Outside La Paz, Bolivia, “el camino de la muerte,” or the highway of death, has become a tourist attraction (New York Times; free registration required).
BBC News: “The enigma of Liverpool’s labyrinth: Tycoon Joseph Williamson dug a vast, bizarre network of tunnels under Liverpool almost 200 years ago. Were they the city’s first job creation scheme, a rich man’s whimsy or a shelter from the end of the world?”
David Brooks. Man, is he good. In his newest article, “Superiority Complex,” he examines the democratization of elitism in our country:
“‘Know thyself,’ the Greek sage advised. But of course this is nonsense. Truly happy people live by the maxim ‘Overrate thyself.’ They are raised by loving parents who slather them with praise. They stride through life with a confidence built on an amazing overestimation of their own abilities. And they settle into an old age made comfortable by the warm glow of self-satisfaction. Each of these people is a god of self-esteem, dwelling on a private Olympus.”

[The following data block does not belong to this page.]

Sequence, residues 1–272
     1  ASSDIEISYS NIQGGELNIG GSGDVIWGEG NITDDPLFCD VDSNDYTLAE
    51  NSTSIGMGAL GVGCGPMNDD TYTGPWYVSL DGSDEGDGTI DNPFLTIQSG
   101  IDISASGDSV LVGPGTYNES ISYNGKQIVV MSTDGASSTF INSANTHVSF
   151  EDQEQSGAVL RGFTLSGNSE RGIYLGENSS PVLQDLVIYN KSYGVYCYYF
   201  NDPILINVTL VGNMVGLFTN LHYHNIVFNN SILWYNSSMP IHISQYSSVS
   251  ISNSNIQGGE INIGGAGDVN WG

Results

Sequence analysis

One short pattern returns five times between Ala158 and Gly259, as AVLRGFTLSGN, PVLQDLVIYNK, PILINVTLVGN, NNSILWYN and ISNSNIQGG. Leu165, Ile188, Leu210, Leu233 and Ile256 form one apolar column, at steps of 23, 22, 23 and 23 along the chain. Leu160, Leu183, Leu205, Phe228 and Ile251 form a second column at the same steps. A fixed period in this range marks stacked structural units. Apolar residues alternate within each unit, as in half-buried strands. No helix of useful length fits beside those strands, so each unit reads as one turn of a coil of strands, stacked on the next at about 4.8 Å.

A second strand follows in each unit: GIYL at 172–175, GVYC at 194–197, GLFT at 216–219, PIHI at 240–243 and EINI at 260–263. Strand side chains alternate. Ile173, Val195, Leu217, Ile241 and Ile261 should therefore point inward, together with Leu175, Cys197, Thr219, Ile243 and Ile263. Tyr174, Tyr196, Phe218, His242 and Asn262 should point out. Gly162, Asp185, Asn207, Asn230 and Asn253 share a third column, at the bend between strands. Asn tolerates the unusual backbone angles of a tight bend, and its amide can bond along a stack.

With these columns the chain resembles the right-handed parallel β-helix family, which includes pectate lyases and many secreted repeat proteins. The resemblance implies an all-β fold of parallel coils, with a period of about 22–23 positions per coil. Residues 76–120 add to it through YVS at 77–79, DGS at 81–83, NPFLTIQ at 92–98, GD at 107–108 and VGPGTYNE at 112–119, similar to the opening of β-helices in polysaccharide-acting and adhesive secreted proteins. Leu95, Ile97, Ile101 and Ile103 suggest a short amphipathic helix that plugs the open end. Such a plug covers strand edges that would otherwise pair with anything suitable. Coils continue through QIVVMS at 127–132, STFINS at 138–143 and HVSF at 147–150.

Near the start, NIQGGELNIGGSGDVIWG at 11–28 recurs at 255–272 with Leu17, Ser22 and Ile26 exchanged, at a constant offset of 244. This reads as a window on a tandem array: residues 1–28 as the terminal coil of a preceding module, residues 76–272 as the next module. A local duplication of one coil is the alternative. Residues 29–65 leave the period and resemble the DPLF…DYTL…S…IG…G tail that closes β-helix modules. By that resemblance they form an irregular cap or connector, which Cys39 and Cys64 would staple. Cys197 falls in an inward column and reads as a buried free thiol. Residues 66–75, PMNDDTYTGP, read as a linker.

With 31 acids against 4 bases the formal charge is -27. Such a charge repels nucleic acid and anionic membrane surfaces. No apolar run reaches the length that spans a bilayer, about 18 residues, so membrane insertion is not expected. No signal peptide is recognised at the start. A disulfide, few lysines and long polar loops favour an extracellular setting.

If you’re into social criticism, check out Brooks’s excellent book “Bobos in Paradise: The New Upper Class and How They Got There.”
News.com: “Google, the world’s most popular search engine, has quietly deleted more than 100 controversial sites from some search result listings.”
This week’s New Yorker contains two fascinating articles. The first, by Jeffrey Goldberg, which, unfortuntely, isn’t posted on the magazine’s site, describes the increase in fundamental Islamic terrorist activity in the “Triple Frontier”–the border area shared by Argentina, Paraguay, and Brazil. The second article, Jerome Groopman’s “Dying Words,” is a sad, revealing look at various methods doctors use to break the worst kind of news to their patients.